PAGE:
This didn't come as a shock to me, nor did it break my heart - but in that moment I was able to isolate a few of the thoughts I'd been having, and I'm embarrassed to share them with you now (before finally getting to my point)

I'd been thinking about walking side by side with this girl, our hands in each other's back pockets as we 'walked and talked', our free hands perhaps nursing warm Costa cups. I hadn't imagined a conversation but I know we were talking. I'd been watching our different sized, same shoes, moving out in front of me as we strolled. I'd been thinking about walking across wooden floorboards. Walking up behind her as she's stood washing the pots from dinner, looking out of the window above the sink. I put my hands on her waist, my index fingers on her hip bones (I don't want you to think this as being sexist or misogynistic, it's just pleasantly convenient that it was her night to wash up...I'd probably made the dinner anyway!) And now I get to explain why all this makes me hate that advert.

Firstly, now this doesn't bother me as much as the 'thirdly', but this guy is setting the bar pretty high! If it wasn't already hard enough to pluck up the courage to tell someone they look nice, to complement them, feign interest in what they're doing or straight up ask for their contact we're meant to sing it acapella?! Because of this smug bellend, the next time I want to approach an attractive young lady, I feel the need to have a fucking ukulele with me, to even have a chance! Where on earth was he even going with that thing anyway, to Preston?!

Secondly, she bought it! Now I may not be Vidal Sassoon but even I could tell that she was most certainly not 'a natural blonde'. And he got her age wrong! I'm not saying I'd have been right on with this one either, but I know not to try. You could tell she was between 25/30 and at that point it's best not to push your luck. If you guess too young well then she's worried, you think her girly and unsophisticated. Guess too old, you may as well hit yourself over the head with the shovel you've been digging your grave with. And he suggested that she looked the type to be going to Leeds...Leeds! If I was her I'd have thrown myself onto the rails. (Oh, I checked and can confirm that Wigan is not the 'home of pies' either, so he's made himself look a right mug there too)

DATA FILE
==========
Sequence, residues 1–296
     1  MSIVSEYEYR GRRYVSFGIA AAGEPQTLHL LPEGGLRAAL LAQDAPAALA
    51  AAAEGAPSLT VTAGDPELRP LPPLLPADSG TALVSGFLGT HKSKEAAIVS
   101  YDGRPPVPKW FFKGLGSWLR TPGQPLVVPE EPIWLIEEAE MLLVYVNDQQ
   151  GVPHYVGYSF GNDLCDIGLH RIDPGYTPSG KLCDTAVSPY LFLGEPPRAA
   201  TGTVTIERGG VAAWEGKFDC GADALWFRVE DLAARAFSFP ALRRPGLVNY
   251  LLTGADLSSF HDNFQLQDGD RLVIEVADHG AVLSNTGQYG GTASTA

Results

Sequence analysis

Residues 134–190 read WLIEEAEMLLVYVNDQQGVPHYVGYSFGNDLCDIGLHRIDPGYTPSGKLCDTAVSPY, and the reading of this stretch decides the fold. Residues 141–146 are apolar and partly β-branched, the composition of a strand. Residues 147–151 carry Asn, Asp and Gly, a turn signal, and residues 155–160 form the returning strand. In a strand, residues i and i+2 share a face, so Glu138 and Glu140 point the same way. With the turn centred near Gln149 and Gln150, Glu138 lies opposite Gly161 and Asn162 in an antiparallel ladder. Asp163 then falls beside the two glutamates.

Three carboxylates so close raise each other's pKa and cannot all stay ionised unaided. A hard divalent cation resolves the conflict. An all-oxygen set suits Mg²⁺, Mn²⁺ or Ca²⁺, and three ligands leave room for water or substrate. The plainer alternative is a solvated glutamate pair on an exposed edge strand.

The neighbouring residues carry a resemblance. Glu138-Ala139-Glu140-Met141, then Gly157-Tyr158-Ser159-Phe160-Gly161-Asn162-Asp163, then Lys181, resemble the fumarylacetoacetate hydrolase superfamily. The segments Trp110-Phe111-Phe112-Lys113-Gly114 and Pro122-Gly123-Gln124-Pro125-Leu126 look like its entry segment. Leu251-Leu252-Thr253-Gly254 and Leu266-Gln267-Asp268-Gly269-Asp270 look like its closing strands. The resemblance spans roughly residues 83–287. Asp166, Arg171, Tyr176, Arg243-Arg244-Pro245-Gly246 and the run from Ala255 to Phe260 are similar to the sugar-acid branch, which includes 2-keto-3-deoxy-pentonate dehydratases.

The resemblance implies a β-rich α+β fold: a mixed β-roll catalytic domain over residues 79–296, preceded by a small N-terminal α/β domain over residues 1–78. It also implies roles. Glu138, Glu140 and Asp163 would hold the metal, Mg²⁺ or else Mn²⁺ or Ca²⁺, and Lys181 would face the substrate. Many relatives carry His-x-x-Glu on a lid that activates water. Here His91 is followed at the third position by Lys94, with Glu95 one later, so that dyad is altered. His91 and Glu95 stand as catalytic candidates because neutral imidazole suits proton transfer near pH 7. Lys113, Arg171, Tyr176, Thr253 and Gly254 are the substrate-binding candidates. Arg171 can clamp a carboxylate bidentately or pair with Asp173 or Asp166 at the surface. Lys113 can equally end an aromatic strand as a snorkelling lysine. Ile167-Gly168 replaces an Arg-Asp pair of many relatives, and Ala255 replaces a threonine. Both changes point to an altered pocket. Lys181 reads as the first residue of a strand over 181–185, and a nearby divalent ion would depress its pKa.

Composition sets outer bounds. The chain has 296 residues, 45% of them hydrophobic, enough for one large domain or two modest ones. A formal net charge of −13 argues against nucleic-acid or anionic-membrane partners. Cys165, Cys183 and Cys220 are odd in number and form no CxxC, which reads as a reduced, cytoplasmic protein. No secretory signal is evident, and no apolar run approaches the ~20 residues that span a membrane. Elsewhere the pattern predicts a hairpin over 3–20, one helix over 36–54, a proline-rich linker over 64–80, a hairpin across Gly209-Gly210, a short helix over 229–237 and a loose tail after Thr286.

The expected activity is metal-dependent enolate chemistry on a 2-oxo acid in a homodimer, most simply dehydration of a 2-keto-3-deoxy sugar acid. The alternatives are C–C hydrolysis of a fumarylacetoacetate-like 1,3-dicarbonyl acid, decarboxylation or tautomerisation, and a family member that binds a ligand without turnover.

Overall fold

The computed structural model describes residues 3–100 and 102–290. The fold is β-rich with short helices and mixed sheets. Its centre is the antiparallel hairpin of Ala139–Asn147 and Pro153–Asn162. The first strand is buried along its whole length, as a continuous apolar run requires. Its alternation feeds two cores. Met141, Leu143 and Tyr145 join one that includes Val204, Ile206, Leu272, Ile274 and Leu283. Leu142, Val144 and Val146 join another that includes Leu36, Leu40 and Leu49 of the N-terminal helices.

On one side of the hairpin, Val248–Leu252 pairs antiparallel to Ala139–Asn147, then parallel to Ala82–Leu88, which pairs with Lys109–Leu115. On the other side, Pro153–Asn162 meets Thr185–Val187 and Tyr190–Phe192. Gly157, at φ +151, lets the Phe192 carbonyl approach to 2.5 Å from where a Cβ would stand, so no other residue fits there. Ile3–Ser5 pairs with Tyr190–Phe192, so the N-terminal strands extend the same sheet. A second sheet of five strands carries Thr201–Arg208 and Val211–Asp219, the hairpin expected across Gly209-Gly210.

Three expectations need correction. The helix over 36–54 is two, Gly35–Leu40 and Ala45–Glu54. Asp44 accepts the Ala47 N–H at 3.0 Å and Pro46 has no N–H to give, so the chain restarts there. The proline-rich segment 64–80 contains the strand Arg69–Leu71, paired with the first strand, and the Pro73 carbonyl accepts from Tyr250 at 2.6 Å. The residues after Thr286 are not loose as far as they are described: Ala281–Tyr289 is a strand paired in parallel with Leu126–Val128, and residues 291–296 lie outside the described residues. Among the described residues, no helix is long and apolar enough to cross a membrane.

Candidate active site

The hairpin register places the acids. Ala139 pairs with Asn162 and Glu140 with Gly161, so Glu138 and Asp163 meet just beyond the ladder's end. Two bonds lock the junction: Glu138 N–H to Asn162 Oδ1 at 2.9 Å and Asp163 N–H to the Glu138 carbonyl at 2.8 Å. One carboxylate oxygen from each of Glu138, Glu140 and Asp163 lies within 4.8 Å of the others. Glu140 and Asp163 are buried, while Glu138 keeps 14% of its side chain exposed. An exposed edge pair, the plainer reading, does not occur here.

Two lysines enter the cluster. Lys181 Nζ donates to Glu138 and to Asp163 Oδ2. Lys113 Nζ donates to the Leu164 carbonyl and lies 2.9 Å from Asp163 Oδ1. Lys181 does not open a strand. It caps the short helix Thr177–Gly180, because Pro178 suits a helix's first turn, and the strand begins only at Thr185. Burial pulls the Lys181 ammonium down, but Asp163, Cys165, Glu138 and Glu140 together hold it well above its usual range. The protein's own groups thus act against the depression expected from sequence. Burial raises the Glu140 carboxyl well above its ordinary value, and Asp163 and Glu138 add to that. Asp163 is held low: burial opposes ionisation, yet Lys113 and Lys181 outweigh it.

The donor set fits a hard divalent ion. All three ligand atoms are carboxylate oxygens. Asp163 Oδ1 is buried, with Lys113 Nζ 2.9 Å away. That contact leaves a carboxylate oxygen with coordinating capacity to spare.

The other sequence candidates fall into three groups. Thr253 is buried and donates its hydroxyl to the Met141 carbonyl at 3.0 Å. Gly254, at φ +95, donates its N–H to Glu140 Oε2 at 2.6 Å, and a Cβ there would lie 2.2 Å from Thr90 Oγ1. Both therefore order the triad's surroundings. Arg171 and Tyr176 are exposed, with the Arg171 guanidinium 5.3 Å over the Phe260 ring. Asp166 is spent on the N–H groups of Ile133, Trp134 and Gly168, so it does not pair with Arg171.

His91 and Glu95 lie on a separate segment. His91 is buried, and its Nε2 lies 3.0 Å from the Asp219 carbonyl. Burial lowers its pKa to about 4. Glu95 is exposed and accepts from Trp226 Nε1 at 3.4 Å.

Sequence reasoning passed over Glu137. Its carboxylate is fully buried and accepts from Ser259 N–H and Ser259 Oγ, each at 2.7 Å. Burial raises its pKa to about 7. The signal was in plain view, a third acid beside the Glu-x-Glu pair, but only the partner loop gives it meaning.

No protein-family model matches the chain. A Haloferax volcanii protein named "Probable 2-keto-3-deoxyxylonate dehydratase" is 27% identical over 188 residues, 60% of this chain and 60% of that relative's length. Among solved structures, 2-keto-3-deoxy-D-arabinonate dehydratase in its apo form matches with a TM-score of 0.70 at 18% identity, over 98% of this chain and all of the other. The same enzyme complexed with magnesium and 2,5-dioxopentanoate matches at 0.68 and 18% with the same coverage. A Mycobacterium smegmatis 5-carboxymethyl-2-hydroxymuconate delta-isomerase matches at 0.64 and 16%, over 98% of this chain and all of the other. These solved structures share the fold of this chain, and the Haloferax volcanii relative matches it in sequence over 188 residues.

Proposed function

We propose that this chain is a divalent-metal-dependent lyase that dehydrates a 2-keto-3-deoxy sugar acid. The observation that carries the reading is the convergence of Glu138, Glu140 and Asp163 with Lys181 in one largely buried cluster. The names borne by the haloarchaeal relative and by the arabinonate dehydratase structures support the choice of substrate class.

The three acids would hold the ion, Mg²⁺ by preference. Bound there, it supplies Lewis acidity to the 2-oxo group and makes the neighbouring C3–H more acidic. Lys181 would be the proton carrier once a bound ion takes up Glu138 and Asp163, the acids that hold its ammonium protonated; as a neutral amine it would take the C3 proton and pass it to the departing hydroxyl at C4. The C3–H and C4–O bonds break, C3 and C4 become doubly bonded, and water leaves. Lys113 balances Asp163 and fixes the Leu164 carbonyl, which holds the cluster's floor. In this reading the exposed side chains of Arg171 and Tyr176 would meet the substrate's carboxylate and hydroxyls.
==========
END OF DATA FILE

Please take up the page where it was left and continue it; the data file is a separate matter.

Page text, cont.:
But now, the big Thirdly. This advert shows a situation and two people I envy. This man, albeit with the aid of one of the more pathetic string instruments, says exactly what he wants to. Exactly what he means. He forgets about the other commuters around him and puts aside the stigma that one could be seen as being unbalanced for singing across a railway at a stranger. I don't even like doing karaoke (I deplore it) His voice, his words, his timing- none of it's a concern for him, or in turn for her. It becomes a special moment for them both that they'd remember forever, regardless of the outcome.

If I'd have been her, I'd have been a little on edge and embarrassed by having a tuneless stranger serenade me in broad daylight. I probably wouldn't have lost my place in my book to appease them and it's highly unlikely that I'd have missed my train (unless it was to Leeds) to join them. Would you? We wouldn't, and that's the problem I think, with me certainly. And the fact that it took a advert to bring to my attention that I'm not making the most of my life, really is an upset. I'm far too safe when it comes to this sort of thing. It's not that I 'care what others think' per se, it's just that...well actually I sort of must do, as I've sat staring at those three dots for a few minutes now and no excuse has been forthcoming. It's not that I'm not romantic or spontaneous either, I think it's just a comfort thing that I'm gonna' have to work on.

I could have got off my train at Carlisle, walked right up to that girl and explained all of this to her (leaving out any profanity and the washing up rota) She could have given me a look before running for her life, or she could have married me a few years down the line. Surely every marriage must have started with a 'hello' of sorts? Or maybe she was about to jump on the rails and that was just what she needed to hear at that moment (come to think of it, she didn't have much luggage, so that's certainly a possibility) Now another 'ding' jolts my forehead from the window. I've arrived.

It was at this point that I told myself, it was only ever just a television advert. Scripted and paid for, without any real spontaneity or consequence. Those two people never really stared at their shuffling shoes with genuine awkwardness, or exchanged numbers. Nor did they board the next train to anywhere and start a new life together with net curtains, cutlery sets and a golden retriever, but it's a nice menagerie and one that I hope to learn a lesson from. Maybe this marks a new page in my life. A watershed. A more positive outlook. I collected up my things and rose from my seat, smiling in spite of myself at my own sentimentality. And it was that very smile that was replaced by a vicious scowl, as only now do I see my card and realize I've been sat in the wrong seat all along!